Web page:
You are most likely correct, Bobber; WAY out of proportion. But referring back to my "what if", what would have happened if Paul and John had gotten into an argument about Stu? Would John's loyalty to Stu have won out over what Paul believed was best for the band? The point is moot, of course, because Stu solved the problem for John.
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nimrod

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Re: Stuart Sutcliffe - The Lost Beatle
« Reply #9 on: March 07, 2014, 12:36:42 PM »

You are most likely correct, Bobber; WAY out of proportion. But referring back to my "what if", what would have happened if Paul and John had gotten into an argument about Stu? Would John's loyalty to Stu have won out over what Paul believed was best for the band? The point is moot, of course, because Stu solved the problem for John.

Well, Mark Lewisohn's new book answers this in a way.

Paul was pretty horrible to Stu, he even harassed Stu so much that they had a fight, John stayed out of it altogether, preferring to see how things unfolded without his intervention.
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Moogmodule

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Re: Stuart Sutcliffe - The Lost Beatle
« Reply #10 on: March 07, 2014, 09:32:36 PM »

Well, Mark Lewisohn's new book answers this in a way.

Paul was pretty horrible to Stu, he even harassed Stu so much that they had a fight, John stayed out of it altogether, preferring to see how things unfolded without his intervention.

It seems judging by Lewisohns and others that there really was no love lost. I think hate is a bit too strong word for a bunch of late teen/early twenties. But I doubt if Stu had lived Paul would have sent Xmas cards. Paul admitted in Anthology he hadnt handled it very well. Excusing himself for his age.

I noted the Lewisohn book says that the fight was more of a draw even though everyone expected Paul to kick Stu's ass. I recall a book I read years ago (I think the Norman book) said that Paul beat the crap out of him.

Luckily for ours and the Beatkes sake Stu knew he wasn't in the others league and didnt really want to be in the band that much anyway. The Beatles with a mediocre bassist and three guitars, or worse, with no McCartney, doesn't bear thinking about.
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nimrod

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Re: Stuart Sutcliffe - The Lost Beatle
« Reply #11 on: March 07, 2014, 10:14:49 PM »

Yes apparently everyone was surprised at Stu's strength for such a weedy small guy, apparently he threw Paul onto the piano

I think Paul felt very bad about his treatment of Stu, it tells in that when they got back the Hamburg, (after his death) only George & John went to Astrids house for a visit, Paul feeling it was insensitive.....and this was when Astrid took those really great photo's of John & George in half shadow.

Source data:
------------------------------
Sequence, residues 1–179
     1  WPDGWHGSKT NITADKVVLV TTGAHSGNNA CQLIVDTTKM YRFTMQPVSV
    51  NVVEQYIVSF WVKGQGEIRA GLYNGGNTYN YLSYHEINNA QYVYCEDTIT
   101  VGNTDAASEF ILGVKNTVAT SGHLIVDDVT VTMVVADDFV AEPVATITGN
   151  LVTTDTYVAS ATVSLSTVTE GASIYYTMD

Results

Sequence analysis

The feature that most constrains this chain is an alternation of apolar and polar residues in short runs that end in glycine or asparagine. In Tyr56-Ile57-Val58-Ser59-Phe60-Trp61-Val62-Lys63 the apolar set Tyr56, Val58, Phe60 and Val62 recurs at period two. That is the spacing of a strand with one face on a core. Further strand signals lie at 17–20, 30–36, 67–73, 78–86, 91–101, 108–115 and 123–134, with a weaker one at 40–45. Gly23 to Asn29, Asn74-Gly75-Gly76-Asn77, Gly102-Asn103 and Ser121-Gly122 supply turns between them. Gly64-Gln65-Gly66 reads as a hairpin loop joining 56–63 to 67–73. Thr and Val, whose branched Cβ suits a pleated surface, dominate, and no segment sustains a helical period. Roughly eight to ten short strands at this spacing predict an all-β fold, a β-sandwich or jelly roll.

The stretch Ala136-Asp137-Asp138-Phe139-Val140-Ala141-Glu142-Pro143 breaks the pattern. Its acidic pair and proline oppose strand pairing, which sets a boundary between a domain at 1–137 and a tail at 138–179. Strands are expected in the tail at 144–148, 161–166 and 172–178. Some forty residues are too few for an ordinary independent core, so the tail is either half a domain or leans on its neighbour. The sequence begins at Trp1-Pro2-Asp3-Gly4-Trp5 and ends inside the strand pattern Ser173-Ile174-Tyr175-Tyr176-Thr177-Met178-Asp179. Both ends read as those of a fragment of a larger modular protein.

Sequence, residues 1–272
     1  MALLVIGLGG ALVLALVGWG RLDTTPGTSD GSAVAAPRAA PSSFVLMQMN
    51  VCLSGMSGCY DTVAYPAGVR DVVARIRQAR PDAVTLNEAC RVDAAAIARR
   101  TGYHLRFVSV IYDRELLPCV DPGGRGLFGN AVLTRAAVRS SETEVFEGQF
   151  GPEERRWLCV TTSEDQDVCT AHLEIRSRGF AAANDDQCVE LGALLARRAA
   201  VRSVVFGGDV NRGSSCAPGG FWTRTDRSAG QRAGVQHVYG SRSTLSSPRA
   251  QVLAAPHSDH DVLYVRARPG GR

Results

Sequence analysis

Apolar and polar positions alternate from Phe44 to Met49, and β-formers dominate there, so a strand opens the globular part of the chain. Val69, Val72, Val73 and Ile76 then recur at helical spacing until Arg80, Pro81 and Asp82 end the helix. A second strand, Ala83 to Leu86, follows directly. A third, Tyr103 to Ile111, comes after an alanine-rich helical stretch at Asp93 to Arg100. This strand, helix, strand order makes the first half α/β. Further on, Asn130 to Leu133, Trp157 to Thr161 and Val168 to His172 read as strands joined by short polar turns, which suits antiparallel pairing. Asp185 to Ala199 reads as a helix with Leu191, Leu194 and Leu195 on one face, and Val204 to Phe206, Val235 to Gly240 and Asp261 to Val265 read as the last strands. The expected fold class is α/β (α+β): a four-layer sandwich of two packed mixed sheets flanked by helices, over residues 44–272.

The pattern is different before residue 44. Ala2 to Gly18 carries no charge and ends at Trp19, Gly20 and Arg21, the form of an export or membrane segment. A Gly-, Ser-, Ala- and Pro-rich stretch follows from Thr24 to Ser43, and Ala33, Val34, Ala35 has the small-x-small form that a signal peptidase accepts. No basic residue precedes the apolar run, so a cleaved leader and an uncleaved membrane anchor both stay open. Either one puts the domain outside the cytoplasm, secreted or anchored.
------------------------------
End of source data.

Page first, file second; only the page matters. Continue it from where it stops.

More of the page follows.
Paul just didn't like Stu, that is obvious, maybe hate IS too strong a word...........as Paul said  'We all loved John' ...... I think he was jealous of their close relationship and it bugged him that Stu wasn't a very good bass player.

Yes were all fortunate that Paul took over on bass, Stu would never have been as good. Although he did join another band sometime after he left the Beatles, a band called the Bats, so he did miss playing.
« Last Edit: March 07, 2014, 10:27:25 PM by nimrod »
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Moogmodule

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Re: Stuart Sutcliffe - The Lost Beatle
« Reply #12 on: March 07, 2014, 10:23:17 PM »

Yes apparently everyone was surprised at Stu's strength for such a weedy small guy, apparently he threw Paul onto the piano

I think Paul felt very bad about his treatment of Stu, it tells in that when they got back the Hamburg, only George & John went to Astrids house for a visit, Paul feeling it was insensitive.....and this was when Astrid took those really great photo's of John & George in half shadow.

Paul just didn't like Stu, that is obvious, maybe hate IS too strong a word...........as Paul said  'We all loved John' ...... I think he was jealous of their close relationship and it bugged him that Stu wasn't a very good bass player.

Yes were all fortunate that Paul took over on bass, Stu would never have been as good. Although he did join another band sometime after he left the Beatles, a band called the Bats, so he did miss playing.

That's right. I'd forgotten about The Bats. He must have got to like it at least as a hobby. And although he was never a great player George and others did say he learned to play ok in the end. He probably would have been a competent player.

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Brynjar

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Re: Stuart Sutcliffe - The Lost Beatle
« Reply #13 on: March 08, 2014, 08:59:36 AM »

Am I right in saying that Stuart "only" got a mention in In My Life of all of the boys´ songs?